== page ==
The Nursing Need Theory was developed by Virginia A. Henderson to define the unique focus of nursing practice.
The Self-Care Nursing Theory or the Orem Model of Nursing was developed by Dorothea Orem is considered a grand nursing theory, which means the theory covers a broad scope with general concepts that can be applied to all instances of nursing.
The Environmental Theory by Florence Nightingale defined Nursing as “the act of utilizing the environment of the patient to assist him in his recovery.”
Faye Abdellah formulated the 21 Nursing Problems theory that changed the focus on nursing care from disease-centered to patient-centered.
The Interpersonal relationships Theory was developed by Hildegard E. Peplau in 1952.
The Adaptation Model of Nursing is a prominent nursing theory aiming to explain or define the provision of nursing science.
Lydia Hall developed the Care, Cure, Core Theory of Nursing which is also known as "Three Cs of Lydia Hall."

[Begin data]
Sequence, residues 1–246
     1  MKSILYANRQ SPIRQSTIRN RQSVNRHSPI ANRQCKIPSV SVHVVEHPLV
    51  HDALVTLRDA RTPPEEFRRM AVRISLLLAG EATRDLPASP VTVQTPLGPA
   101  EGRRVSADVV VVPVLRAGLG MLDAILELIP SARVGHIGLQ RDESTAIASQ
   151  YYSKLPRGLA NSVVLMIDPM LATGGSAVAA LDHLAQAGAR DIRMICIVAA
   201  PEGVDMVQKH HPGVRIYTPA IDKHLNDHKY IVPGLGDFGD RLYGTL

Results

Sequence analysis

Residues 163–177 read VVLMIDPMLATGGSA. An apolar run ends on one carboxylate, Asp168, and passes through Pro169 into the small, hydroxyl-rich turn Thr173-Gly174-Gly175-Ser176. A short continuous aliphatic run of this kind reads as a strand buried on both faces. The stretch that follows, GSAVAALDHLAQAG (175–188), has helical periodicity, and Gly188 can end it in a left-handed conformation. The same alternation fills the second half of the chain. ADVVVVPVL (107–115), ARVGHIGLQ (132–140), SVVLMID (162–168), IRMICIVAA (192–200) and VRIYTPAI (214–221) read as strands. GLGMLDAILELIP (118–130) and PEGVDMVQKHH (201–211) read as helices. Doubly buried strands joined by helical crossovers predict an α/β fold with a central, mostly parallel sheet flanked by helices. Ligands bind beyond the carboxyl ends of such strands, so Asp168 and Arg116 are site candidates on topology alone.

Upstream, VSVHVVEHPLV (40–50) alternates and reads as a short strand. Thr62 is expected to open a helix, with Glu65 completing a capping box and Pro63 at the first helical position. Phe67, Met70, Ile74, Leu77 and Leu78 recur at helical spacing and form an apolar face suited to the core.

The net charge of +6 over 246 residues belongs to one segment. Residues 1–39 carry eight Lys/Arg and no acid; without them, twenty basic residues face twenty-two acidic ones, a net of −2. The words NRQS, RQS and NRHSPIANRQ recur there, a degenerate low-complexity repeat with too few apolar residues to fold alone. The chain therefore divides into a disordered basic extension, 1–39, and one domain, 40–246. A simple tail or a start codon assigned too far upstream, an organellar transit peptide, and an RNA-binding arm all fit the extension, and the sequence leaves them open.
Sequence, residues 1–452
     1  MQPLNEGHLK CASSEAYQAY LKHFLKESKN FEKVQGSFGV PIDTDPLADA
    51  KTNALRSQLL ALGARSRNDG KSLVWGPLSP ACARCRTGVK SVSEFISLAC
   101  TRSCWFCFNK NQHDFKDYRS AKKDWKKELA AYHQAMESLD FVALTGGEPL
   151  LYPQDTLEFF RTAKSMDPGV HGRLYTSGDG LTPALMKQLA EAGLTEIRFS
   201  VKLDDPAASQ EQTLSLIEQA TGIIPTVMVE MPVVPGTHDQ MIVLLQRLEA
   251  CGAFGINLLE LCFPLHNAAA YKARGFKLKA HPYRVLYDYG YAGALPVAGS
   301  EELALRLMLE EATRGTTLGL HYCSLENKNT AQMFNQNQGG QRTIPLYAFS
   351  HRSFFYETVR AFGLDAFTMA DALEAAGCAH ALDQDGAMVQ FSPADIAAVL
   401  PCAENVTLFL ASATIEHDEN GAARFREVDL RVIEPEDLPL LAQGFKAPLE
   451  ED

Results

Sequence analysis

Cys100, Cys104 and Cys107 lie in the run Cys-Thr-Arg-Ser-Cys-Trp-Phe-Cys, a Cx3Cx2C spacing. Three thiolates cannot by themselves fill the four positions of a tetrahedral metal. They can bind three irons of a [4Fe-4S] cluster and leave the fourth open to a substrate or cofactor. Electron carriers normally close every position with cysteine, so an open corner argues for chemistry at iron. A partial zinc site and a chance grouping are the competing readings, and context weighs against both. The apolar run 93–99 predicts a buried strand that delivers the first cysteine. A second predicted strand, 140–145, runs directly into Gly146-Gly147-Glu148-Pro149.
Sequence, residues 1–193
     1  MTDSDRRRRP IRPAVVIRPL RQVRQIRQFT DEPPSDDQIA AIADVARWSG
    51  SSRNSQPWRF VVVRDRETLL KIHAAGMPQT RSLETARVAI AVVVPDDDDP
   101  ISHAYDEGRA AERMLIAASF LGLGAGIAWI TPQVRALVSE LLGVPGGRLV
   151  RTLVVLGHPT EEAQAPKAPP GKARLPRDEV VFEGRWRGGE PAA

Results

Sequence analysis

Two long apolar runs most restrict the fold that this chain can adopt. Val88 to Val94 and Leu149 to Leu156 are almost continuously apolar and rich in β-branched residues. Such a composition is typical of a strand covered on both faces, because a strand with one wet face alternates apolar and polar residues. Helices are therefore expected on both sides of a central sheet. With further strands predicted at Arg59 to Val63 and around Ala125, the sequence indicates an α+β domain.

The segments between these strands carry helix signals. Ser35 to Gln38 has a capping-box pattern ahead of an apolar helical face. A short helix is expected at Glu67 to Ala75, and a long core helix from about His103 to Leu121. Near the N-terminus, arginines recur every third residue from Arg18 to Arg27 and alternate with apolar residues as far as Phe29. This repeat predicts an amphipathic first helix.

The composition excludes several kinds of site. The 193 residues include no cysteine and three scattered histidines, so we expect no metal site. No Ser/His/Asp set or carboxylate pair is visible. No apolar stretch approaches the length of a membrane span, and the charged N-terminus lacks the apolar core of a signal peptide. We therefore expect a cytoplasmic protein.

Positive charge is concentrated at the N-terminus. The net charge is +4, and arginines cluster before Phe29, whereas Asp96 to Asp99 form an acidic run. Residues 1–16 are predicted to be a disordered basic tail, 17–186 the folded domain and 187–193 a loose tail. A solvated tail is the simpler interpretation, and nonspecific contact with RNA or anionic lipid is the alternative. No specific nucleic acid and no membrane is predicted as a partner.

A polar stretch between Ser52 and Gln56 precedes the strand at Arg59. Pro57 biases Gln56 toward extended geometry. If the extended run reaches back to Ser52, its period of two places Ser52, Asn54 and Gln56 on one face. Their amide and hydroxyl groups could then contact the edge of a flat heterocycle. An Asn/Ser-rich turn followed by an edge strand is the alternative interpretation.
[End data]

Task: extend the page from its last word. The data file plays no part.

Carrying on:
Dorothy E. Johnson proposed the Behavioral System Model Nursing Theory in 1968.
Martha Rogers' Science of Unitary Human Beings explains the coexistence of human and the environment.
The Transcultural Nursing Theory or Culture Care Theory by Madeleine Leininger involves knowing and understanding different cultures with respect to nursing and health-illness caring practices, beliefs and values with the goal to provide meaningful and efficacious nursing care services to people according to their cultural values and health-illness context.